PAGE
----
If there’s one single method that you can count on to calculate the value of a stock, it’s discounted cash flow (DCF). Standard measures like price-to-earnings (P/E) are useful, but they’re just shortcuts. If you really want to figure out what something’s worth, DCFs are where it’s at. That’s why I built you this template, here. (Note you’ll need to download or make a copy of it before you can fiddle around with the cells.

In valuing a stock, a DCF takes all the cash flows a firm will ever produce and discounts them back into today’s value. Now, forecasting all those cash flows is a long and arduous task, often fraught with prediction errors. I mean, who really knows what a firm's 10-years-from-now cash flow will be? So, instead of playing clairvoyant, this template lets you consider what the market’s pricing in, and decide whether you agree. Building bells and whistles DCFs takes accounting expertise and oodles of time. My template is a rough walk-in valuation checkup performed in minutes. See here for a more detailed look at a full-blooded DCF.

Let’s look at the example I’ve used: **Apple** (APPL). Once you’ve inputted Apple’s ticker (cell B1), all you need to do is complete four more cells (shaded in blue) – the sheet does the rest for you.

Starting cash flow (cell B10). This is the most recent annual free cash flow. You can pull this from free data providers like Koyfin or from company accounts, which you’ll find on the investor relations pages of a firm’s website. The quickest way to calculate free cash flow is to take the operating cash flow (OCF) and subtract capital spending (capex) – both found in the cash flow statement.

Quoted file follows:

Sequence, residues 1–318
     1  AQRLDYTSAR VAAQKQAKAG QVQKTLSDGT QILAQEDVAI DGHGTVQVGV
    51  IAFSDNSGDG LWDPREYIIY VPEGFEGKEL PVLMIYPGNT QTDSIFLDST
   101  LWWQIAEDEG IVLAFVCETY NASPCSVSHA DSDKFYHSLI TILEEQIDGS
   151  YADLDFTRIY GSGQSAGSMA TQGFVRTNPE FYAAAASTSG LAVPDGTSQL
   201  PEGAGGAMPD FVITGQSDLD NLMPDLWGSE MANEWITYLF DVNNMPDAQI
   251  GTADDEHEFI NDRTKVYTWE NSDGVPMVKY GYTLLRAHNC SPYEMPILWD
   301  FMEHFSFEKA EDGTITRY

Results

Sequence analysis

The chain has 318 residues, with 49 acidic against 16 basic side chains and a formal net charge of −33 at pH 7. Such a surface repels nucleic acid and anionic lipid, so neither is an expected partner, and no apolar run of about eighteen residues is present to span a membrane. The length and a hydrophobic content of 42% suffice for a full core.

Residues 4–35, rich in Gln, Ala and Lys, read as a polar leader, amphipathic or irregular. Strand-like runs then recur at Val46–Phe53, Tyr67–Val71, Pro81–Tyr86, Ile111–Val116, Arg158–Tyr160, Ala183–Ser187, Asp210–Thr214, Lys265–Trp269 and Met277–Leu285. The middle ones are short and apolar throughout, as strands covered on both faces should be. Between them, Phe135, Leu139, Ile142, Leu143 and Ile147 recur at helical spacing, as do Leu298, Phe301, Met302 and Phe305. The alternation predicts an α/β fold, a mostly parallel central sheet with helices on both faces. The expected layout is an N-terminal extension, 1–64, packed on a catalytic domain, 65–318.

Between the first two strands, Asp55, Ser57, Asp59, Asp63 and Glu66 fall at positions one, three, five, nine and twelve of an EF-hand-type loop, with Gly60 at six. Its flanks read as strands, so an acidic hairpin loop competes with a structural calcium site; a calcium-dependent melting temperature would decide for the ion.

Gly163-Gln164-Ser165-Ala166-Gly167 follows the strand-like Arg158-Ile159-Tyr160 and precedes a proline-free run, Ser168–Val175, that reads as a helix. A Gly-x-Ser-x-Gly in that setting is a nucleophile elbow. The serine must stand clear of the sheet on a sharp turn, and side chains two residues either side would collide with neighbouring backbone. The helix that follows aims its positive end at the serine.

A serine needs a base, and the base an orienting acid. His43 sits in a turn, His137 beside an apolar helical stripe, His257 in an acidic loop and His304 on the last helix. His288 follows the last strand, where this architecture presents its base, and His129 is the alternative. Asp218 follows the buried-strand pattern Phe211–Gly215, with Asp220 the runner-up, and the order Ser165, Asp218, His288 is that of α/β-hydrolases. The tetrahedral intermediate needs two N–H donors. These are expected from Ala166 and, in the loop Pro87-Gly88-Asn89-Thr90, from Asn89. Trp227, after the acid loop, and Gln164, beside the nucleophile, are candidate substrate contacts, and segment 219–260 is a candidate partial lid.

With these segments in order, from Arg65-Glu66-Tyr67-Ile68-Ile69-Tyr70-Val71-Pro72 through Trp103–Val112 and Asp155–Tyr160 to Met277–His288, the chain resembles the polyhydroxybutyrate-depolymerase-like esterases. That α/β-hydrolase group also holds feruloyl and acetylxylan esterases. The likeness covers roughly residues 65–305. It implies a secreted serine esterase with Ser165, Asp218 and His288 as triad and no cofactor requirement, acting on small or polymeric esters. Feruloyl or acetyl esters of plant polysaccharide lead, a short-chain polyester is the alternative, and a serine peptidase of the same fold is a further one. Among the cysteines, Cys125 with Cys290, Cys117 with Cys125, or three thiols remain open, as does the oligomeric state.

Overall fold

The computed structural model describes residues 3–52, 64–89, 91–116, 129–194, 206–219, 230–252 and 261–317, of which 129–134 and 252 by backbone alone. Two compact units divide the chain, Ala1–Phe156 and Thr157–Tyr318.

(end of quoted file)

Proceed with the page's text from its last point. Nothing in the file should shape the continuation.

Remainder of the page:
An appropriate discount rate (B9). For most stocks, 8% is a healthy rate to use.

Your forecast for cash flow growth for 10 years (B11).

A forever-after growth forecast – known as the terminal value (B12). Your terminal growth assumption should be low enough to reflect reality. No firm can expand at 4% or 5% forever, so maybe go for a rate closer to global economic growth, along the lines of 2% or 3%.

Remember, you’re trying to compute a present value that’s close to the current market value included in the sheet and taken from Google Finance. It’s a bit of trial and error, so play around with your growth assumptions until you get your present value and the current market value to roughly match.

And that’s it. In the example, I’ve taken Apple’s most recent cash flow number of $111,433 million (i.e. $111 billion) for the fiscal year 2022, an 8% discount rate, and figured out that a 3.5% cash flow growth assumption for ten years and 2.5% thereafter calculates a present value similar to Apple’s actual market value. The question then becomes whether you think 3.5% growth for ten years and 2.5% after that is overly optimistic – or on the low side.

DCFs have their critics for sure, and small changes in the assumptions – like the discount rate – can have a big impact on the computed value of a firm. But that’s not really the point here. The template is designed to be a rough valuation check-up, to give you some idea of what the market is assuming for a company’s growth. If the market value of a firm requires some unearthly growth assumptions, that’s a red flag. But sluggish growth – maybe even in our Apple example – can prick the ears. That 3.5% isn’t aggressive, after all.

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